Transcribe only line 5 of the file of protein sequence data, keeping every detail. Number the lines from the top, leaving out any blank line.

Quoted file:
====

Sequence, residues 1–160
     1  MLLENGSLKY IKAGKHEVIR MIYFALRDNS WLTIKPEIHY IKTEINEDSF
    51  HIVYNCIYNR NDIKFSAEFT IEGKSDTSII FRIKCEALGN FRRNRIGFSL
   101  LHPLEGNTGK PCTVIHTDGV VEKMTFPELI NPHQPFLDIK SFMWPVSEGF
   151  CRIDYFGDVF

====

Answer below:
   151  CRIDYFGDVF